Elba Bairon (La Paz, 1947) marks the outset of her relationship with W-Galería as her artistic representative with a project that takes on the space in a way that goes beyond the work’s material consistency and its physical installation. In other words, Bairon undertakes a radical fusion between sculpture and the architecture that frames and contains it, making it unfold in an expanded code that disrupts the notion of a work of art’s integral nature, as a merely technical application modelled in a purely visual sense. This operation takes place at an iconic site for Buenos Aires’ postmodern architecture, in the building located at 452 Viamonte Street, previously home to the Centro de Arte y Comunicación (CayC) higher education centre and exhibition space.
Accordingly, Bairon makes the most of the structural organization the building’s spaces have to offer, with the aim of generating different instances of intervention related to design: the first proposes a theatrical journey experience along the gallery’s access “bridge”, and the second deconstructs the circulation and distribution of the first basement level, transforming it into an unsettlingly empty armature with a figure that accentuates the estrangement of the space. She places an apparatus for mid-size sculptures in a corner, where the works’ serial nature is not an implication of style, but an indication of method.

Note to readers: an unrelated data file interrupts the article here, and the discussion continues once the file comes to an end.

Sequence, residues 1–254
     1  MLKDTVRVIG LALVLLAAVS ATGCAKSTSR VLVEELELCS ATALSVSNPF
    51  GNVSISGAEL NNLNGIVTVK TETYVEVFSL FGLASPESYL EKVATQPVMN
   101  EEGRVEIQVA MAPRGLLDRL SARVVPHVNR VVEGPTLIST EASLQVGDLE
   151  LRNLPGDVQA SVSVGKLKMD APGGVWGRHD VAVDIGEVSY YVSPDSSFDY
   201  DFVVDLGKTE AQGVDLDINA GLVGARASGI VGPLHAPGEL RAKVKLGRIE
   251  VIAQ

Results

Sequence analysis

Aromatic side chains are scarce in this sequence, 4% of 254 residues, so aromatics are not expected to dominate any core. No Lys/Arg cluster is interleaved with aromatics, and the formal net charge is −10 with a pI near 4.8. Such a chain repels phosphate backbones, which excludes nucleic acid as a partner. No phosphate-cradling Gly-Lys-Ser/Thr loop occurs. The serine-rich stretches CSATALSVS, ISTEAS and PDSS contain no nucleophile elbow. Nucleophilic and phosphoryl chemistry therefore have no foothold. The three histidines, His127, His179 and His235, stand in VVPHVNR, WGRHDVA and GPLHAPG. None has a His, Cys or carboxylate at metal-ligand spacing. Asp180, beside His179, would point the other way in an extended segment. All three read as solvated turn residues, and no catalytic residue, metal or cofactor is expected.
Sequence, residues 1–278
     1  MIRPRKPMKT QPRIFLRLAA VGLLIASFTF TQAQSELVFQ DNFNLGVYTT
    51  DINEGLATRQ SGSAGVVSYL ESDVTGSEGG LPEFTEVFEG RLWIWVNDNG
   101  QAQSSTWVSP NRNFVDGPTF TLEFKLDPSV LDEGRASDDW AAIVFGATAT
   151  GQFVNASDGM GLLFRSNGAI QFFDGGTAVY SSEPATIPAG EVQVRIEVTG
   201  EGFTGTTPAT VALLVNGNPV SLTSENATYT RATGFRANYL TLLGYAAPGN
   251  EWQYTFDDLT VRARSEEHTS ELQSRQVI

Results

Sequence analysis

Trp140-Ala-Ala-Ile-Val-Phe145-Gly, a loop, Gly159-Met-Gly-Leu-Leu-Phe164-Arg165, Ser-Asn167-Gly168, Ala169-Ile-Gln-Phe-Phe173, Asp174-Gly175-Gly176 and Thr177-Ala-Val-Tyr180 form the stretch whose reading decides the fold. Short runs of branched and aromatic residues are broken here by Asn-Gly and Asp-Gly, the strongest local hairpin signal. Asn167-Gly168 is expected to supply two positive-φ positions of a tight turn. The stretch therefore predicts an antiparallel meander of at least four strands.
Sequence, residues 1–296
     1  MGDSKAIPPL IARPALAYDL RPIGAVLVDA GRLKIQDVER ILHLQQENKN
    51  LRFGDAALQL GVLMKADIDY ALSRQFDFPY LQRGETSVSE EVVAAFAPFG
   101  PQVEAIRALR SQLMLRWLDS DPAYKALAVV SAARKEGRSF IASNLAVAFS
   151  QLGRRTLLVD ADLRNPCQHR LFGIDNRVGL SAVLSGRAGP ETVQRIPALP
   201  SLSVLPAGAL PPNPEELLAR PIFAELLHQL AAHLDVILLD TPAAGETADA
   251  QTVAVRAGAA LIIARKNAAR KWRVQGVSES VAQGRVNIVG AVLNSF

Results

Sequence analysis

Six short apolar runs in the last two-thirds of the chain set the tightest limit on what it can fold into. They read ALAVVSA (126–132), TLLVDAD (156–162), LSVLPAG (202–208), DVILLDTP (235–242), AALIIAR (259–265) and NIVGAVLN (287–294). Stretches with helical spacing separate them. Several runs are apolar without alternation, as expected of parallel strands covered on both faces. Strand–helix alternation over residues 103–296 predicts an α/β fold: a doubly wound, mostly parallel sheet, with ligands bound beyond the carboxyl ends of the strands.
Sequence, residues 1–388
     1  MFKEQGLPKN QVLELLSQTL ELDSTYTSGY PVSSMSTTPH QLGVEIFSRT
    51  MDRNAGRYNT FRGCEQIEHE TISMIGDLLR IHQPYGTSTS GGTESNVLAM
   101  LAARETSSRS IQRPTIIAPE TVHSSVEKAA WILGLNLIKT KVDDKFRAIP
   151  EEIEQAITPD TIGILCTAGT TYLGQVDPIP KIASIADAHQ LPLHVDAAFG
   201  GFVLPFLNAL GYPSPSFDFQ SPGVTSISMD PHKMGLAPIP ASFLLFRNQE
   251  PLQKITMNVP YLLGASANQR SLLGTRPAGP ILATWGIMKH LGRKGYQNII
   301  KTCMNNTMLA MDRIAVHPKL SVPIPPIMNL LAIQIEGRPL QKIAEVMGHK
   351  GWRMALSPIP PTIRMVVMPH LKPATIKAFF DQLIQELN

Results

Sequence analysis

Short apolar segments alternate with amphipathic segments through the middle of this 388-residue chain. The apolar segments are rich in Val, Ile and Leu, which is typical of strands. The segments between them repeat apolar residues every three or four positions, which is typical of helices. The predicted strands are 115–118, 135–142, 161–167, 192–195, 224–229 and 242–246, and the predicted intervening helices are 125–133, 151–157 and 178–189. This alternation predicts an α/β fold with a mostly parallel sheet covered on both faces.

The idea that Elba Bairon’s work does not emit messages, but produces effects has been generally upheld. This principle’s contrast is even greater in the setting where the emblematic CayC functioned historically. The institution—founded by Jorge Glusberg between the late 1960s and early 1970s—emitted an abundance of messages that continue to reverberate in the form of inscrutable myth. The walls of its interior, originally painted black, have been reconstituted in white to house W-Galería, which specializes in all questions related to archives and in feminist art practice.
Bairon adds to the CayC myth and its contemporary reception yet further with an orientalist interpretation, rooted in her formative years in Montevideo, Uruguay, where she learned Chinese painting techniques that tend to be associated with the abstract ideas of infinity and the void, effectively projected in her work. While Bairon has not objected to the doxa, her inveterate introspection and the singularity of her work have propitiated the tendency to situate both the opacity of her sculpture’s organic forms and the preciousness of the paper pulp modeling technique employed within a remote, aloof aesthetic sphere that sidesteps the anxiety of the here and now. Nevertheless, Bairon executes a reformulation of the space that produces the delicate effect of a fissured labyrinth.